Duke Wellness Champs: Lesley Stanford Recharges in Sarah P. Duke Gardens

Spending time in nature is a key part of Lesley Stanford’s well-being routine

Lesley Stanford sits in the W.L. Culberson Asiatic Arboretum, one of her favorite spots at Sarah P. Duke Gardens. Photo by Jack Frederick.

This story is part of the Duke Wellness Champs Series.

Lesley Stanford stands near the pond in the W.L. Culberson Asiatic Arboretum, where quiet moments help her stay balanced. Photo by Jack Frederick.

“It was an event,” said Stanford, a clinical dietitian at the Duke Children’s Hospital and Health Center. “My parents would dress us all up and take pictures. Now I come just to think.”

Over the decades — including 34 years working at Duke — Stanford estimates she’s visited Duke Gardens hundreds of times, exploring its wooded and landscaped areas. In a steady routine of visiting at least two times each week now, Stanford has found spending time on the 55-acre space has key benefits for her physical and mental wellness.

“It helps me to be a more balanced person, and I know it makes me a happier person,” Stanford said. “During the week, it’s always a place just to be quiet.”

It’s Stanford’s practice of finding quiet time in a peaceful setting that makes her a Duke Wellness Champ. With our series, Duke Wellness Champs, Working@Duke is spotlighting staff and faculty who take charge of their overall physical, mental, and/or social well-being. Through each person, we hope to inspire and help colleagues in pursuit of wellness goals.

After a 10-minute walk from her office at lunch, Stanford often sits on a favorite bench near the pond in the W.L. Culberson Asiatic Arboretum, an 18-acre collection of plants representing the wealth of floral diversity in Southeast Asia. By slowing down her breathing, listening to the birds and enjoying the flowers and trees all around her, she said she feels re-energized for the rest of the workday.

“We’re busy all day with patients,” Stanford said. “To be able to calm down, listen to your breathing and pay attention to what’s going on around you, it’s rejuvenating.”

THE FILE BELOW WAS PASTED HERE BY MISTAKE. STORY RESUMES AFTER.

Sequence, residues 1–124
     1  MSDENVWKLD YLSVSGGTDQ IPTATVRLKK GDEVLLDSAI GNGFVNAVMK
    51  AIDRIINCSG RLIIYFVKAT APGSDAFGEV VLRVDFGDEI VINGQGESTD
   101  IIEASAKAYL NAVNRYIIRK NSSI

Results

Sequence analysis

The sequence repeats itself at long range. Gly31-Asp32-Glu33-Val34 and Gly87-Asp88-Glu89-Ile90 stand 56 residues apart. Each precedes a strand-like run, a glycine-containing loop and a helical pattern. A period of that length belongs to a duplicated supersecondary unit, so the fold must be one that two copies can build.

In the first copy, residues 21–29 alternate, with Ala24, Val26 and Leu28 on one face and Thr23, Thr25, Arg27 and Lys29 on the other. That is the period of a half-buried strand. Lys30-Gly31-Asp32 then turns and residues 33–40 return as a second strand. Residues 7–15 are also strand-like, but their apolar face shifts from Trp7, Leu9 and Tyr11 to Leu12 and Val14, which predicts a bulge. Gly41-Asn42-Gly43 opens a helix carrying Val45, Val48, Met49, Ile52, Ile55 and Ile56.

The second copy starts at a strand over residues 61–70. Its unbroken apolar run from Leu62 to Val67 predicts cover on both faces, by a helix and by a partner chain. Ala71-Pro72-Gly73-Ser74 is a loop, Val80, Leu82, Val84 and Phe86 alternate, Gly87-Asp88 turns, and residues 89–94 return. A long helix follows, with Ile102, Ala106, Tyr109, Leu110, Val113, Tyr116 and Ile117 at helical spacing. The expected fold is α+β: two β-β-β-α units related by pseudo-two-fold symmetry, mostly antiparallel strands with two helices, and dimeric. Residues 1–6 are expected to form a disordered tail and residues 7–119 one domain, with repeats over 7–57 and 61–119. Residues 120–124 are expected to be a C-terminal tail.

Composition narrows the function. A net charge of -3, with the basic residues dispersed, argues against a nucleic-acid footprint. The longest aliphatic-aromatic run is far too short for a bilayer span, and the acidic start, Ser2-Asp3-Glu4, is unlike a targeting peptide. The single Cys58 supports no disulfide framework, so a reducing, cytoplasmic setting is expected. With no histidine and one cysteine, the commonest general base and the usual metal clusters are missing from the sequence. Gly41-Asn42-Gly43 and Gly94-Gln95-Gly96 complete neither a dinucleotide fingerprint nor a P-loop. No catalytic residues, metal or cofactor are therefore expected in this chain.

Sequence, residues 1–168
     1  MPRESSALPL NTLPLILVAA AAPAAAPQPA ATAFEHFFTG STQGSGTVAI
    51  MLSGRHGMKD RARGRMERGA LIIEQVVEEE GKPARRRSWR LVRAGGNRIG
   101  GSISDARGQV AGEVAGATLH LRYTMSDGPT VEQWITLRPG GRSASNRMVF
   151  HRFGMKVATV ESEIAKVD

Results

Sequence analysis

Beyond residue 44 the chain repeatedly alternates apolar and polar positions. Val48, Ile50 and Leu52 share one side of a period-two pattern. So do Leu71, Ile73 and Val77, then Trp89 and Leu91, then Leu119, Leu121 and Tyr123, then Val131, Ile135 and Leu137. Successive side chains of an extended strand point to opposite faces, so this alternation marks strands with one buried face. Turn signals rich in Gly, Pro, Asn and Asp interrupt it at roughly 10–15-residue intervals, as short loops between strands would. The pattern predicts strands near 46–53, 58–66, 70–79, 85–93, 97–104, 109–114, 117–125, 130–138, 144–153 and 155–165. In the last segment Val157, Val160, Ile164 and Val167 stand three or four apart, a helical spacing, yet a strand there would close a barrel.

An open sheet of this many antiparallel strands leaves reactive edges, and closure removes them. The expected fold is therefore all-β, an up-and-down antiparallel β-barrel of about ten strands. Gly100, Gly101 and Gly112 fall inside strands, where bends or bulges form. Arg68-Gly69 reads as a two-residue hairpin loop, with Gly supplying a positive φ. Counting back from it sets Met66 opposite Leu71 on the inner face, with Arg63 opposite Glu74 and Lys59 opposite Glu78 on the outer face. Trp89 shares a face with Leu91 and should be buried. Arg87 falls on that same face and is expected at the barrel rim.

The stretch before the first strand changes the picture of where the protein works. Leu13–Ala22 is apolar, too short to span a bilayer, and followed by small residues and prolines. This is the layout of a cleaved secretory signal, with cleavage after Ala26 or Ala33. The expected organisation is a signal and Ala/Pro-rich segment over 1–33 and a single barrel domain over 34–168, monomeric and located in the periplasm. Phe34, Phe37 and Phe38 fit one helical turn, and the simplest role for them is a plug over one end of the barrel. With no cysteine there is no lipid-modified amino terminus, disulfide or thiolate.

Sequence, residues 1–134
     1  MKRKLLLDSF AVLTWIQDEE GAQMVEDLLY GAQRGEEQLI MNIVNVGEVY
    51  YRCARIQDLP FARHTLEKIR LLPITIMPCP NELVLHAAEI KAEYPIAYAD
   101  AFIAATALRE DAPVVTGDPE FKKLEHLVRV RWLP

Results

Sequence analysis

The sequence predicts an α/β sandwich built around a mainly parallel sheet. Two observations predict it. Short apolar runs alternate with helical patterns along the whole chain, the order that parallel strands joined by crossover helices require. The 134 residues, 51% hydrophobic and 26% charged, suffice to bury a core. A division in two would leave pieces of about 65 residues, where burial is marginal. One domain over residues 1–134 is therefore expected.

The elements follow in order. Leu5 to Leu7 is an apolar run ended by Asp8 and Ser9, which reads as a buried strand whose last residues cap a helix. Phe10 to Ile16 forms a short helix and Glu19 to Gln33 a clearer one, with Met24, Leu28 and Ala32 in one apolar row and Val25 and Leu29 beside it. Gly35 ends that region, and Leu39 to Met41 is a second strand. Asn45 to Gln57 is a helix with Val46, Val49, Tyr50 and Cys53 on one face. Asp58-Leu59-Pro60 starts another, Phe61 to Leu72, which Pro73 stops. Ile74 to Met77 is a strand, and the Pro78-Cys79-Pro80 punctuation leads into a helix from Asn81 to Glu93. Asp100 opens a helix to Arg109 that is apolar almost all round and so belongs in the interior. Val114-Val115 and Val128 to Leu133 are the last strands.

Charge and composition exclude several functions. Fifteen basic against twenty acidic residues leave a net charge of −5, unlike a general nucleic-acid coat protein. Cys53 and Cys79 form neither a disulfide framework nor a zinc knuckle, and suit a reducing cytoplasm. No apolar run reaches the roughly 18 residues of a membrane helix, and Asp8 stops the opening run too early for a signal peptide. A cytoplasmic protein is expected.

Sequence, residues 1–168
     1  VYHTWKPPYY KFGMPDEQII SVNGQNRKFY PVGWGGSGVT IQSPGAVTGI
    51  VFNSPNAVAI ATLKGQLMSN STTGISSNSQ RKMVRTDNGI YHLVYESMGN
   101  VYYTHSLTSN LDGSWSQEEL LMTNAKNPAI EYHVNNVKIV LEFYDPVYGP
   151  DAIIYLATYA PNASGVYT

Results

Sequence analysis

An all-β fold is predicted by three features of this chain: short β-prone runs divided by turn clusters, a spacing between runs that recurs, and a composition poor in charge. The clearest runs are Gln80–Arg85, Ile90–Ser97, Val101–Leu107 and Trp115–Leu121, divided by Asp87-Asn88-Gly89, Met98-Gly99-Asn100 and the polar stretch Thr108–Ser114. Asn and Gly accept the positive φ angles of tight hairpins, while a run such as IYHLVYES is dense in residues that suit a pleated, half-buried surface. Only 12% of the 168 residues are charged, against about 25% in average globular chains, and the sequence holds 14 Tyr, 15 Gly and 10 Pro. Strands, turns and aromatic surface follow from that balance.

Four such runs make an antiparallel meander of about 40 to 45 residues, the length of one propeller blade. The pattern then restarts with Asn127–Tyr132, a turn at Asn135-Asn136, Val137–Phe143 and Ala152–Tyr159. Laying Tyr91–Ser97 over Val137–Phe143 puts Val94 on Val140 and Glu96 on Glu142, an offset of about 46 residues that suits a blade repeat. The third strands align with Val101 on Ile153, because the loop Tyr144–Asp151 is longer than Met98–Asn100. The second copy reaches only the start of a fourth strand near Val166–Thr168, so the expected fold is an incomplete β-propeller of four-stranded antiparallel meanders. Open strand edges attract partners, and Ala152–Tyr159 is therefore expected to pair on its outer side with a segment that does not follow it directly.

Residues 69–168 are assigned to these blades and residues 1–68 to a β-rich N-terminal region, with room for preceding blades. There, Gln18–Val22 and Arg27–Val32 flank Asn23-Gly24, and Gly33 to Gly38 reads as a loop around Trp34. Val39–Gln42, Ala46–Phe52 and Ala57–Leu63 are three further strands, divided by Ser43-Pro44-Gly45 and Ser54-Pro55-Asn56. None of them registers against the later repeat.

Stanford also enjoys walking around the winding paths in the gardens after work. There are five miles of walkways and pathways throughout the gardens. And on Saturday mornings, she returns with her young grandchildren to explore, play and find their own reasons why they love one of Duke University’s jewels. 

Blooming flowers at Sarah P. Duke Gardens. Photo courtesy of University Communications.

Stanford began to think differently about the role the Duke Gardens plays in her life when the gardens closed in March 2020 due to the pandemic. While continuing to see adolescent and pediatric patients daily for their nutritional needs, Stanford found herself longing to spend time in the familiar environment for help processing COVID-19, but she couldn’t. While spending more time outdoors near her home in Hillsborough, she looked forward to a chance to return.

After the gardens reopened to Duke community members by reservation in April 2021, she was among the first people to sign up to visit. Since then, she’s become more intentional about telling colleagues to take advantage of the place too.

“It’s all just wonderful,” she said. “We’re just so lucky to have it as Duke employees, to be able to come over after work, come over on a Saturday or get a quick little break in the middle of your day and come; it’s peaceful.”

Is there an inspiring colleague in your corner of Duke who embraces physical, mental and/or social well-being? Let us know. Write working@duke.edu.

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